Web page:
New rules on data storage have been introduced in Vietnam, further limiting the room for manoeuvre of social media companies that are already trying to deal with guidelines that were announced last year.
The new rules, issued in a decree on Wednesday, require technology firms to store their users' data locally and set up local offices. Foreign firms will have 12 months to comply from the date on which they receive instructions from the Minister of Public Security. They will have to store the data onshore for a minimum period of 24 months.
According to Reuters the decree says, "Data of all internet users ranging from financial records and biometric data to information on peoples' ethnicity and political views, or any data created by users while surfing the internet must be stored domestically.”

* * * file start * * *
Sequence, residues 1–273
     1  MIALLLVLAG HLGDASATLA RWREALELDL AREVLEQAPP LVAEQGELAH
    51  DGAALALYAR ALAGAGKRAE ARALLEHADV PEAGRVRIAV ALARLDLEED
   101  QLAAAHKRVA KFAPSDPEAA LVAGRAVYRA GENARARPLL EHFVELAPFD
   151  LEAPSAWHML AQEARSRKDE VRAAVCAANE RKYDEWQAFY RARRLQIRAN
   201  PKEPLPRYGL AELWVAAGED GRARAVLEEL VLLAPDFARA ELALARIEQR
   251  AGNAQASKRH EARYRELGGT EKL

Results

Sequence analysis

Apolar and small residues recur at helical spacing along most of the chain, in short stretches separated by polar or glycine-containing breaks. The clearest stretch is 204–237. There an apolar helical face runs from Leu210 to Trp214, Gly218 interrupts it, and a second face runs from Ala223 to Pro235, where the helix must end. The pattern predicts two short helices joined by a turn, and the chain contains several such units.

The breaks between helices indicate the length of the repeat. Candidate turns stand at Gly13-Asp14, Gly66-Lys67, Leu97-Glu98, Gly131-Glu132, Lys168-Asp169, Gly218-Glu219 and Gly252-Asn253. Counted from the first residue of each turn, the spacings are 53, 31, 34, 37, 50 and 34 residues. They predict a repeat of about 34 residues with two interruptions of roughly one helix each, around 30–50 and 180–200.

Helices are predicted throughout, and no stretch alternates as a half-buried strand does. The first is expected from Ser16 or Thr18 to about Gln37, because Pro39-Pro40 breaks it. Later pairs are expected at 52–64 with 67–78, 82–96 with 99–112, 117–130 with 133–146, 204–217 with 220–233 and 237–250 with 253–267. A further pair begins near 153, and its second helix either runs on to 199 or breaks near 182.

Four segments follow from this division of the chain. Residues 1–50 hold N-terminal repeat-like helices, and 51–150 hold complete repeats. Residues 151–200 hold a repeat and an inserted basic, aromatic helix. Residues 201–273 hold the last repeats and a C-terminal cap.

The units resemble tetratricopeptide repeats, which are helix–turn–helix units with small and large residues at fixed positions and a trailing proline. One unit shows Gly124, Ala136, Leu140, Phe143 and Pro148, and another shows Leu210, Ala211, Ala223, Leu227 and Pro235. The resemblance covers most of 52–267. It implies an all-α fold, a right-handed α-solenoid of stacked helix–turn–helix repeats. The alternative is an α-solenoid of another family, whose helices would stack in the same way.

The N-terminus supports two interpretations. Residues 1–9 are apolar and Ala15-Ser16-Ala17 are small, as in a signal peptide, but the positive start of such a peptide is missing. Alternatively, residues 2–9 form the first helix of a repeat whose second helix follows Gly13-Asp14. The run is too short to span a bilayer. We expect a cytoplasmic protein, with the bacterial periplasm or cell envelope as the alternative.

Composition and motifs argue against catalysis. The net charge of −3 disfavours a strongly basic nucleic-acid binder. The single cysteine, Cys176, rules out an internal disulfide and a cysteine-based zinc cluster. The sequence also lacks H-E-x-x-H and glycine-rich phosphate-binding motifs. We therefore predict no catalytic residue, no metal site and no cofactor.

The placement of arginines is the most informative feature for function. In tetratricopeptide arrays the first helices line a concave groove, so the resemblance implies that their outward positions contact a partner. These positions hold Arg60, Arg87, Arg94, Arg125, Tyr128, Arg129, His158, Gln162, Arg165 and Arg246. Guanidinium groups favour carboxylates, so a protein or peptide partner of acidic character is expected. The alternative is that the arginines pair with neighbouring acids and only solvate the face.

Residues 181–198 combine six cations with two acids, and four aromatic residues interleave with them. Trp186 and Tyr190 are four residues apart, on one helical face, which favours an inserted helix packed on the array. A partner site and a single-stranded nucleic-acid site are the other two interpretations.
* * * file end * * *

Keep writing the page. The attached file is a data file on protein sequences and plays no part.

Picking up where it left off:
Of course it’s not just about storage; there’s also an access ruling. Authorities will be able to issue data collection requests for the purpose of investigation. They will also be able to ask service providers to remove content that violates the government's guidelines. The decree will take effect on 1 October.
Last year, as we reported at the time, Vietnam, a one-party state, introduced what it calls national guidelines on social media behaviour. The guidelines aimed to moderate speech that promotes violence or hate but they also encouraged people to post positive content about the country.
We’ll no doubt see how operators and social media companies respond fairly soon. Big names like Google and Facebook, are likely to be affected, along with local telecommunications operators.